(Reviewed on Xbox One by Games of DAYNE)
Twins divided by a childhood tragedy reunite for an emotional and heart-wrenching journey, changing everything they thought they knew.
From its intriguing opening moments through until its heart wrenching conclusion, the first chapter of Tell Me Why titled “Homecoming” proves once again that developer DONTNOD are experts in the field of interactive adventures that can pull the strings of every emotion of its players. An emotional story, check. An interesting take on the bond behind twins, check. This premiere chapter ticks the right boxes and by releasing the other 2 chapters this episodic adventure only one week apart, there’s just enough time in between to wrap our heads around what’s to come and based on this start, we’ll need it. Let me tell you why.
Twins Alyson and Tyler Ronan are at the forefront of Tell Me Why, with each character taking turns sharing the playable spotlight. Having been separated for over 10 years due to a traumatic family tragedy, the twins finally reunite to travel back to their childhood home in Alaska in preparation for its sale. When the twins were separated after the events of the tragedy, they were done so as sisters. In the decade that has passed, Tyler has transitioned to male. The twins carry such enormous emotional weight in this narrative and surprisingly it doesn’t collapse under its own pressure. The heavy material is a lot to take in and Tyler’s transition is instrumental to the motivations of the key characters involved, before and after.
The relationship of the twins and the lives they’ve lead since their separation paints the narrative with small but impactful strokes as they traverse the gorgeous Alaskan landscape on a ferry. Their bond is undeniable but it’s not until they make their homecoming that the literal and, luckily for players, playable manifestation of their bond changes the way these characters and the players experience their story. The bond shared between twins is amplified in Tell Me Why, with the two able to telepathically commune in what they call their “voice”, thought to be long lost since their childhood.
Referring to their mother as Mary Ann, the twins begrudgingly have to revisit the events that led to their separation a decade ago and her involvement serves as the catalyst for the shape their lives have since taken. To avoid spoilers there will be no specifics referenced here but it is worth noting she plays a significant part and has an emotional presence that is long lasting with the twins and likely the player.
With a hell of a premise and interesting take on the bond shared between twins, the gameplay itself feels familiar for fans of DONTNOD’s previous outings in Life is Strange. Alternating between Tyler and Alyson at predetermined intervals and walking around fairly explorable environments littered with items of interest to interact with comprise the bulk of the gameplay. These interactions offer anywhere in between a line of dialogue to a meaningful moment of self-reflection. Progressing the story is typically driven by interaction with a particular item that transitions seamlessly between gameplay and cinematics.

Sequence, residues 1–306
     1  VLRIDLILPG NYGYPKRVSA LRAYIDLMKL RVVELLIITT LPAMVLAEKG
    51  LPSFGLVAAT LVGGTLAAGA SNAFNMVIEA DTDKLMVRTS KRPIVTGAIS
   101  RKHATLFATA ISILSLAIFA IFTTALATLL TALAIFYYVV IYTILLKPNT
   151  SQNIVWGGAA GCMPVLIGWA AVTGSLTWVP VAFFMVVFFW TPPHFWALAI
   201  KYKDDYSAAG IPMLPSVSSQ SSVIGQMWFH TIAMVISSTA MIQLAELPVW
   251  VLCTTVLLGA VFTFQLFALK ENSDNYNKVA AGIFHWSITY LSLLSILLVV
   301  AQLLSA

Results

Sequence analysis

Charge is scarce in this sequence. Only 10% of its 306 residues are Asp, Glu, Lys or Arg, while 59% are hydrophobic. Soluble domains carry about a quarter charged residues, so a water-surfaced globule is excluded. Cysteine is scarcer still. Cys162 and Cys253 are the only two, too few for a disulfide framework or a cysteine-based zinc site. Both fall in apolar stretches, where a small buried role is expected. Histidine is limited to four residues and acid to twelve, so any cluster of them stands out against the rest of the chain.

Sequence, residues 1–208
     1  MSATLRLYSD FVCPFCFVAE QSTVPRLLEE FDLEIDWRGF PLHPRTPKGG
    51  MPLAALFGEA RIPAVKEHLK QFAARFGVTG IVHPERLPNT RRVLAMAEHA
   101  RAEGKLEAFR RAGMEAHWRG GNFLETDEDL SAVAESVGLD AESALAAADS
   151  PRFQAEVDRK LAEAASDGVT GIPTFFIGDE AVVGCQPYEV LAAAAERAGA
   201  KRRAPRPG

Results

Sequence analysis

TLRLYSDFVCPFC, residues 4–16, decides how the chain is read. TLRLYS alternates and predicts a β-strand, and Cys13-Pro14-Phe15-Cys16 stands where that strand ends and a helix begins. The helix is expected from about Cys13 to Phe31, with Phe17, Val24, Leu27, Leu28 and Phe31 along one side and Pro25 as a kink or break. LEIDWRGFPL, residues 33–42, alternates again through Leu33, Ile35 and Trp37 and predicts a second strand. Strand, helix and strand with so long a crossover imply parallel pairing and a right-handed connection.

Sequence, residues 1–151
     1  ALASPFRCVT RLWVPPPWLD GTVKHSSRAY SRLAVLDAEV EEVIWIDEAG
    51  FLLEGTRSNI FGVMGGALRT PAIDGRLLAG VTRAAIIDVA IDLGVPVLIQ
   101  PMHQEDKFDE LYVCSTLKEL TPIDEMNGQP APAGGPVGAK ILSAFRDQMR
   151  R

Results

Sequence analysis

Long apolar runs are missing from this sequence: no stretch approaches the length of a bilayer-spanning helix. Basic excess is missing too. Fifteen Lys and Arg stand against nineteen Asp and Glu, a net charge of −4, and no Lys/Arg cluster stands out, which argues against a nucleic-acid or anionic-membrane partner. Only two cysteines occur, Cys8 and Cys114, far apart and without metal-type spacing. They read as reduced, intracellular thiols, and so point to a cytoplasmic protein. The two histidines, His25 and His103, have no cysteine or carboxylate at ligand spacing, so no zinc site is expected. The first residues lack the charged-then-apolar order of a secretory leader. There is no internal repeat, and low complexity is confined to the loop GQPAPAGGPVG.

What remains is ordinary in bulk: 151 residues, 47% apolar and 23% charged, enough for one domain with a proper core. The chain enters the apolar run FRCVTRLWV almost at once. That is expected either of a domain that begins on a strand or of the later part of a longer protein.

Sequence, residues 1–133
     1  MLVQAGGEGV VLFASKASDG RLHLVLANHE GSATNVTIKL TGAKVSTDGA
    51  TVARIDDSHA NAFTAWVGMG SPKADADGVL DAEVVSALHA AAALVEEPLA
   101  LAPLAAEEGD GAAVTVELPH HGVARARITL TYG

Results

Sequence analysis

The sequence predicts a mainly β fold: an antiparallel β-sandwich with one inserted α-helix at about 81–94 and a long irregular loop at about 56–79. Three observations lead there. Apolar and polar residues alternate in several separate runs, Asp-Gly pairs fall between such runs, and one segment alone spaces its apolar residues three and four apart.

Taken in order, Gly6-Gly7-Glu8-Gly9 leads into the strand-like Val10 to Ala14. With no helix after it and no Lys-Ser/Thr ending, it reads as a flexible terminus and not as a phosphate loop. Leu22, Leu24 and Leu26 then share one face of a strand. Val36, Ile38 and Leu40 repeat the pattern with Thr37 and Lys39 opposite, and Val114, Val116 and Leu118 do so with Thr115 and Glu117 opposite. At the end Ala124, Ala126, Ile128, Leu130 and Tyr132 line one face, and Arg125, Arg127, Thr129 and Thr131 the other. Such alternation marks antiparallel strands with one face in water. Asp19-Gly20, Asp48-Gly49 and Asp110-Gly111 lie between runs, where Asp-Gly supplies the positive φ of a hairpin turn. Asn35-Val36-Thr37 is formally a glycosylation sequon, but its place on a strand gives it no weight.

There are a handful of opportunities for the twins to trigger memories, significant emotional moments from their past that their bond allows for them to both witness. Their childhood selves and other characters are reanimated with a spectral, particle like effect that play out scenes from their past. Later in the chapter the introduction of which twins perspective is the “true” version of events allows for some interesting alternative scenarios which can be explored via replaying the story or chapter select.
The scenery on display is absolutely stunning and the ferry trip in particular is striking. The snow capped mountain backdrop breathes life and depth to the world DONTNOD are emotionally building. The character models themselves are impressive though the lip sync issues between the facial animations and dialogue persist throughout without relent and constantly distract. As with the Life is Strange series, an emotional score adds weight to the heavy themes of the narrative, powerfully moving the hardest hitting of sequences into more definitive moments of poignance.
The themes are unashamedly heavy and it’s difficult to see where Tyler’s transition may come into play in terms of prejudice or misunderstanding as these are only briefly touched upon in “Homecoming”. Explicit language is not uncommon either and the overall presentation is certainly mature to say the least.
Tell Me Why’s first chapter does an incredible job in establishing a connection to the characters though admittedly Alyson isn’t given the same depth as Tyler. This is ok. The events of the past are significantly focused on Tyler’s wrestle with his identity, a struggle that proves more difficult for those around him. This seems to be Tyler’s story and with what players get to experience in this 2-3 hour premiere, that is far from a bad thing. There is so much story to tell on the rest of the twins’ journey which will likely include room for Alyson to find her feet a little more. With only one week between each of the 3 chapters, it feels like a smart move to allow this breathing room as the complete experience, if “Homecoming” is anything to go by, has the potential to emotionally overwhelm with its raw power.
+ Stunning environmental detail
+ The Ronan twins are excellently fleshed out
+ Handling of Tyler’s identity
+ Gripping emotional story
– Gameplay fails to engage between the story
Games of DAYNE Rating
Developed by: DONTNOD
Published by: Xbox Game Studios
Release Date: August 27 2020
Platforms: Xbox One
Tell Me Why – Chapter One “Homecoming” is also available with Xbox Game Pass.
Chapter Two and Three will each release one week apart on September 3 and 10.